The top honour at the Cannes Film Festival's awards evening Sunday went to "Dheepan", a fast-paced, emotionally rich thriller about refugees fleeing the Sri Lankan civil war and seeking to build new lives in France.
The picture by acclaimed French director Jacques Audiard tells the story of a former Tamil Tiger fighter who is traumatised by the brutality he has encountered.
The film opens with victims of a massacre burning on a funeral pyre as the man, Dheepan, looks on.
Soon after, in a refugee camp, he meets a young woman and a nine-year-old girl. To win passage to France, they assume the identities of a dead family and use their travel papers.
They arrive, still strangers to each other and speaking no French, in social housing in a rough Paris suburb, where drug gangs are waging their own war in dilapidated tower blocks.
Dheepan finds work as a caretaker on the estate while his purported wife Yalini accepts a job as a cook and a maid for the disabled uncle of one of the drug lords.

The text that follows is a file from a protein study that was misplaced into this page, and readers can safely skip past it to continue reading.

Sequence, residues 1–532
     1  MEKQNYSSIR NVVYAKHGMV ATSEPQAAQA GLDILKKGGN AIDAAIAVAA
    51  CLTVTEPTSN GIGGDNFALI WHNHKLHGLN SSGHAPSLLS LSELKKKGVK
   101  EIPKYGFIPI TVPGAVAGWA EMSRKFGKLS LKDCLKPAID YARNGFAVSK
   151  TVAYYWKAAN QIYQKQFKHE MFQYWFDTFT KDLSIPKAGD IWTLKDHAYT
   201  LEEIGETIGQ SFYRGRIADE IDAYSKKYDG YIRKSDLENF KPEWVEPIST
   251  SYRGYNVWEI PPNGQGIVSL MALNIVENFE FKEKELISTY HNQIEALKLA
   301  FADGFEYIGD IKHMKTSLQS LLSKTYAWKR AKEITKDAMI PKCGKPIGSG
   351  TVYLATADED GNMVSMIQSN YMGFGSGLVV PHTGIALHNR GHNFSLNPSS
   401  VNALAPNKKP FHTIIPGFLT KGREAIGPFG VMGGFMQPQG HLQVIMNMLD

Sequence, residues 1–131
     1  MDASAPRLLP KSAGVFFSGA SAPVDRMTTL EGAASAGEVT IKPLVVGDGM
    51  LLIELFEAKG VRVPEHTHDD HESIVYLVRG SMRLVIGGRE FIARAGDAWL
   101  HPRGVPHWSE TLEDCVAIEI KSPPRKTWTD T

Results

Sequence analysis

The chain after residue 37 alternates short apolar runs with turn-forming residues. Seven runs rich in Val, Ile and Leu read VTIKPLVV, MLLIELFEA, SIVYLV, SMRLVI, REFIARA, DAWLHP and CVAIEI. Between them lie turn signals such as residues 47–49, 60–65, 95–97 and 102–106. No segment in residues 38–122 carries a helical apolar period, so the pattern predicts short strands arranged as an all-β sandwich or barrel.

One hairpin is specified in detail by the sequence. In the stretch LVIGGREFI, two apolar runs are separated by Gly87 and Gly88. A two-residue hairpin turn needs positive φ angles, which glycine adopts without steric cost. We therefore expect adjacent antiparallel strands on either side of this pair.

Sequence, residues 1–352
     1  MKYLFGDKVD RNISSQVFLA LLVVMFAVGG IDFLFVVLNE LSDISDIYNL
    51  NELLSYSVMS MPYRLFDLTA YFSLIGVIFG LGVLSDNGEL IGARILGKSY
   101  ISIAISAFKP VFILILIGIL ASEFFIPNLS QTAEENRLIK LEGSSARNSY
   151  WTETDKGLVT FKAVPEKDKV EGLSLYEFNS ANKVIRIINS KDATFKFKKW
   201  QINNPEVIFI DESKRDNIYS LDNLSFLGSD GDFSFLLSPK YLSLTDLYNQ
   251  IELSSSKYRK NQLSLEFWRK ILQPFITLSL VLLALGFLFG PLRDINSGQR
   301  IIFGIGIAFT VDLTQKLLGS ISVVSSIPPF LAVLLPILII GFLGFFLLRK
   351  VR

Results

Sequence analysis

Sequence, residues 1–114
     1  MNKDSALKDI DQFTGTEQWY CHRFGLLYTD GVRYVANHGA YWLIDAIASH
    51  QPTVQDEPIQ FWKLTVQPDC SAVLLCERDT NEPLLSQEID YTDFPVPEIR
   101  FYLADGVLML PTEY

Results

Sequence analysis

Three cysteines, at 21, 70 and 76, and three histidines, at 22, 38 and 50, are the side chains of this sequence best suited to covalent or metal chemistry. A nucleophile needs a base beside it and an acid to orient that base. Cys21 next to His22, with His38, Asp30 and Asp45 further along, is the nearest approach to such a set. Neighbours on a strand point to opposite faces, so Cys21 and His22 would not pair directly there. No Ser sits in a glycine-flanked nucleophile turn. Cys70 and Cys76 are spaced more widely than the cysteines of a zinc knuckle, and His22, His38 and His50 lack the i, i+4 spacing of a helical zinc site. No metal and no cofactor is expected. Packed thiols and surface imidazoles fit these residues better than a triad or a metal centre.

But as the trio grows closer, they come under attack by the gangsters and Dheepan must revive the soldier inside him to protect his "family".
A violent climax gives way to a cathartic resolution that offers hope that the three can put their bloody past behind them.
Film industry bible Variety called the picture "well-acted and gripping" but faulted an unconvincing ending.
It "unfolds in solidly involving, carefully observed fashion for much of its running time, until it takes a sharp and heavy-handed turn into genre territory from which it never quite recovers".
Reviewer Andrew Pulver of The Guardian newspaper called the film an "immensely powerful work", giving it four out of five stars.
"Dheepan is as interested in the accretion of detail, and thereby understanding what makes a family unit work, as in the rituals of street combat," he said.
"Audiard possesses a lyricism that makes his film stand out, even in the final bloody confrontation."